Magazine article Clinical Psychiatry News

Perspective

Magazine article Clinical Psychiatry News

Perspective

Article excerpt

Considering the high morbidity and prevalence of eating disorders, it is remarkable that more money and research efforts are not targeted toward intervention and prevention of this major psychiatric problem.

The absence of a vocal outcry for such resources from the psychiatric community could be a consequence of psychiatrists' inexperience with these disorders. Despite the high numbers, psychiatrists in clinical practice don't come across eating disorders very often. It may be that patients with eating disorders see their primary care physicians rather than psychiatrists, and so psychiatrists perceive the conditions as being far less pervasive than they are.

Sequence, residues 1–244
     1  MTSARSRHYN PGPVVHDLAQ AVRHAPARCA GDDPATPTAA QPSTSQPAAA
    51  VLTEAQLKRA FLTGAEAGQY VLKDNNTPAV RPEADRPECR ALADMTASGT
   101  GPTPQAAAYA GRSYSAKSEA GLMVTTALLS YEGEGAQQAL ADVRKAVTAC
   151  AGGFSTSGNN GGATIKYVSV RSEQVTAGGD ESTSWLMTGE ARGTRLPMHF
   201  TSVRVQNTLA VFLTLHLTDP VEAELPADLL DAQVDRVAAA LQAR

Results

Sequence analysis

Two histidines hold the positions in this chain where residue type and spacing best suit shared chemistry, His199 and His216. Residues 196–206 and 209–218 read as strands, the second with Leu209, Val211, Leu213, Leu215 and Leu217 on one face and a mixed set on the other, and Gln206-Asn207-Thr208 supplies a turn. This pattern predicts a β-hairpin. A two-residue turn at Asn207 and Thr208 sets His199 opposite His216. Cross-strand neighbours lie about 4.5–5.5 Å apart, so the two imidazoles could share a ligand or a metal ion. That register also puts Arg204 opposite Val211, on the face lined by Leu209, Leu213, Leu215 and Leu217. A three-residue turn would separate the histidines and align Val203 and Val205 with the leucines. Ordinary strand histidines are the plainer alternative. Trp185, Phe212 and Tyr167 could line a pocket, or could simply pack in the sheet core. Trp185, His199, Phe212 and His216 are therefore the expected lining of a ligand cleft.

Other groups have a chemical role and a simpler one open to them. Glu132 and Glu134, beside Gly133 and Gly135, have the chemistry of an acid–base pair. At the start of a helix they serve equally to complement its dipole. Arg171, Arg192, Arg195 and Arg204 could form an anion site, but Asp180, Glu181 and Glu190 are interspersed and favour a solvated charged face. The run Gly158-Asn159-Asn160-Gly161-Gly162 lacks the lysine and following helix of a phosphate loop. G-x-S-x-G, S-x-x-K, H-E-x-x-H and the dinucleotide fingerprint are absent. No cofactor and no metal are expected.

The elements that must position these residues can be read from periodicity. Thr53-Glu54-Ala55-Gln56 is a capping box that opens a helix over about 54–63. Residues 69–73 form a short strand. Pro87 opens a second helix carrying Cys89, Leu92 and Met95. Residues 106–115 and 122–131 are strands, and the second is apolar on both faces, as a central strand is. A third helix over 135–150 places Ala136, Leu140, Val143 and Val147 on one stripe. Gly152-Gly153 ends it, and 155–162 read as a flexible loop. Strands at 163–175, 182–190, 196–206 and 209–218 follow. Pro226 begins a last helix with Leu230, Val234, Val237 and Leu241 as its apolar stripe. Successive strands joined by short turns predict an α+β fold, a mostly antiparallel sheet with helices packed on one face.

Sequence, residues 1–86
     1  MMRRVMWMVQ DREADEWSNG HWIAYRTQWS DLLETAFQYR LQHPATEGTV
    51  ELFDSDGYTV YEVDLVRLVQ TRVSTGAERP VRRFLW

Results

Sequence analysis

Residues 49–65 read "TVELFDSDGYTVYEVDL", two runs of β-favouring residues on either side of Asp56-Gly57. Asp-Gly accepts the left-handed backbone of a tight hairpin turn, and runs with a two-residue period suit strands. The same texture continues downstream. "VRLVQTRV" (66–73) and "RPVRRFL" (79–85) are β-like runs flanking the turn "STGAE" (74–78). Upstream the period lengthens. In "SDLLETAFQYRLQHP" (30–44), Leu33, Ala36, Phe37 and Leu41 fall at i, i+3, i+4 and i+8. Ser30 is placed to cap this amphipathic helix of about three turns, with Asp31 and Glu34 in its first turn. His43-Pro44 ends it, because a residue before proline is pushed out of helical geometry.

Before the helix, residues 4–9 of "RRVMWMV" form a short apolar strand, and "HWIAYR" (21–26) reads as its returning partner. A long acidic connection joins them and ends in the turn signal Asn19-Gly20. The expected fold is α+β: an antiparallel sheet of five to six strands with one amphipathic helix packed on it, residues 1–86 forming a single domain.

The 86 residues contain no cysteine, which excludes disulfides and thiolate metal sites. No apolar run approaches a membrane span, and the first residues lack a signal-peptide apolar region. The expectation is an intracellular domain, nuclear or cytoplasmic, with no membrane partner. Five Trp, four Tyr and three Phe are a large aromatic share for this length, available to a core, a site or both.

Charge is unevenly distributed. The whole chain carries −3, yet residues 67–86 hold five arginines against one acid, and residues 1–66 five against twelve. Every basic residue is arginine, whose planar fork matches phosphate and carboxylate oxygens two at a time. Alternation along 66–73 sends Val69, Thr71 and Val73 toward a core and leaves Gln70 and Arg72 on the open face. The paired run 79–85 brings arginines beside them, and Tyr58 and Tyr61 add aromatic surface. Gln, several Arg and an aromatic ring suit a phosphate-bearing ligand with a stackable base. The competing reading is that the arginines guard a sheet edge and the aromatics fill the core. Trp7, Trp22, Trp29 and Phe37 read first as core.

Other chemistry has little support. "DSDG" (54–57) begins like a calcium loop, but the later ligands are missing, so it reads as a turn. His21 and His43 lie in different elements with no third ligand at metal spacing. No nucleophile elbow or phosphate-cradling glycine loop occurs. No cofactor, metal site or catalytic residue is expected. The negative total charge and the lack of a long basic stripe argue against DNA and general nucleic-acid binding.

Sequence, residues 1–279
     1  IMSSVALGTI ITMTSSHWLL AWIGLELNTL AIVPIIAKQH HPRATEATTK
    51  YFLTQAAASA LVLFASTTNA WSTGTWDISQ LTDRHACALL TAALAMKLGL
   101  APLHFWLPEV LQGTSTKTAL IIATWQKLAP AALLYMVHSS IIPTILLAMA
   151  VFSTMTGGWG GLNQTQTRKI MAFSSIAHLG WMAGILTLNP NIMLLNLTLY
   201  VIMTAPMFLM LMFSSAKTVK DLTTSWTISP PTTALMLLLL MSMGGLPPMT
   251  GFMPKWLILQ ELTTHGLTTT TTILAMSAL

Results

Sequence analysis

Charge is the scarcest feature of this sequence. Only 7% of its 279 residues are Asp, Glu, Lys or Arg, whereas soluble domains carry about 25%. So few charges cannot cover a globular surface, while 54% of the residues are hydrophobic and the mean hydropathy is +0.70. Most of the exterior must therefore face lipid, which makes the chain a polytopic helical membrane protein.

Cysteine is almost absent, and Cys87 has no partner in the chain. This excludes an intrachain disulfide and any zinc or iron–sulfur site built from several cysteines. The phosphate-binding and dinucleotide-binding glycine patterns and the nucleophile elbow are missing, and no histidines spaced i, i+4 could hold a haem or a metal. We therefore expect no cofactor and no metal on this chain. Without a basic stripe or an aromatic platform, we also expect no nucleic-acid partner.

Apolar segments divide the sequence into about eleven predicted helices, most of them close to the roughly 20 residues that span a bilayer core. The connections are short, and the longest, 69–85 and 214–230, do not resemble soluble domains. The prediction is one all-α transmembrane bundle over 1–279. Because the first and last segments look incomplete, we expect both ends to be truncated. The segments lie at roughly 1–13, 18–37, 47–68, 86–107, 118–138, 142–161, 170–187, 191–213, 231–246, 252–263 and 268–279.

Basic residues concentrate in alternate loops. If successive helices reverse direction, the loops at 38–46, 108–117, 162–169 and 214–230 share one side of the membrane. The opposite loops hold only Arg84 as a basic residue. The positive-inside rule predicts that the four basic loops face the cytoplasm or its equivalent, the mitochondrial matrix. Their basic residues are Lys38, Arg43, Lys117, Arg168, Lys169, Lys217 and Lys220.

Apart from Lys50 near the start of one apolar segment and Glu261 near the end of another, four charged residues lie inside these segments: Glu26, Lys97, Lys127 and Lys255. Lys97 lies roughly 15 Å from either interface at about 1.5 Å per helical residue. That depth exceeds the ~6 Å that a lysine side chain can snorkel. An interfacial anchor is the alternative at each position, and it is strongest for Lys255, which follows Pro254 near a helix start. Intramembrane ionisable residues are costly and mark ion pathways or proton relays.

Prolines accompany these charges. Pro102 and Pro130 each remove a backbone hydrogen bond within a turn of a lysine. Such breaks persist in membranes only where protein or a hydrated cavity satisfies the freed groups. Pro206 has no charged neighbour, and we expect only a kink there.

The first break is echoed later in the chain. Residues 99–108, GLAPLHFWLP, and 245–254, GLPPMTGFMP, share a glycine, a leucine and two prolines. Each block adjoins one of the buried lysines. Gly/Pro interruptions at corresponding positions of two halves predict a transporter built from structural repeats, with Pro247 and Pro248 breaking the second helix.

Also, conditions defined by more extreme deterioration in functioning, such as schizophrenia, may overshadow eating disorders. Finally, I suspect another reason eating disorders escape general psychiatric attention may be that they are primarily disorders of women. Sadly, only recently have women's health issues begun to get the attention they deserve.

Of course, a culture that promotes thin, underweight women as the icon of beauty also promotes the idea that women below normal body weight are the desired standard--thus countering the notion that subnormal weight could be a sign of psychopathology. …

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